What difference has the PFI made to the community?

Yes, I think the community have a positive view of the school and what it provides for their children. Again the way I operate, and the way I operate with the site manager here, is that we make the school available for community events and meetings. And we’re working together with that and I have to say that I’ve got a really really good site manager and that actually makes a difference to the services that we provide.”

You had an OFSTED inspection and subsequent report last year that was very positive, you must be pleased with that?

Yes, very pleased. I’m told by colleagues that it has always been a school that has had a good reputation in terms of the education provided and that was true even when we were in the old building. But yes it continues to have that good reputation and yes I think the new building helps with that.

It’s part of the reason for me retiring really, it’s a good time to hand over a school. An interesting factor will be how the new Head comes to terms with the PFI. I don’t think it’s a gigantic thing because as we have talked about already, relationships are a crucial part of it - so I don’t think there is anything terribly intricate or difficult. I think a new Head will be on to that pretty quickly, though they may have to ask more questions at the beginning.”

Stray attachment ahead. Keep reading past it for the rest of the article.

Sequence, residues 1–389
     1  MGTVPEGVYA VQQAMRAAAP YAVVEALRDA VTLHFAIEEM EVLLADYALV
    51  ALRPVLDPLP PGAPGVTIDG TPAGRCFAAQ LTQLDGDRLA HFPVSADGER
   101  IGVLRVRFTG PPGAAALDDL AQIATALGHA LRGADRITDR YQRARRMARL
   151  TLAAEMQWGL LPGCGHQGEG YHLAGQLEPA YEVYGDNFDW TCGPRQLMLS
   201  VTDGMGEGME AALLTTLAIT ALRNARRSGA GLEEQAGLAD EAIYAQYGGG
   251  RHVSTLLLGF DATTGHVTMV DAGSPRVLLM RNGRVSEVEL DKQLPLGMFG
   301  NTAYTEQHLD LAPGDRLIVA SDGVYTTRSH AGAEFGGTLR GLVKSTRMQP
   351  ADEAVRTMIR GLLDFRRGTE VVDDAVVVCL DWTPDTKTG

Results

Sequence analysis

Does the PFI free-up more time for you to spend on education?

I would very much say that. I think that was compounded by the nature of the building we were in and that we didn’t have a full time caretaker at that point. I was finding myself doing a lot of the running around to get maintenance and repairs done, unblocking toilets and heavens knows what else. The site manager deals with that now, and not only that, but he also notices other things around the place before I’ve even noticed them and he gets them sorted out. So yes, it’s freed up a considerable amount of my time.”

What do you say to people when they ask you about PFI

Would you give any advice to anyone else in your position about to undertake a similar project?

I think I have a realistic view of what’s involved in it. Make sure there is the right professional support and the lessons from previous PFI’s have been learnt. There needs to be someone with the architectural expertise to match up with the education expertise that you are putting in.

The contract needs reading through very carefully and you need the expertise to do that.

Space is an issue, but then it probably is any new build - you never have quite enough storage space in a new building!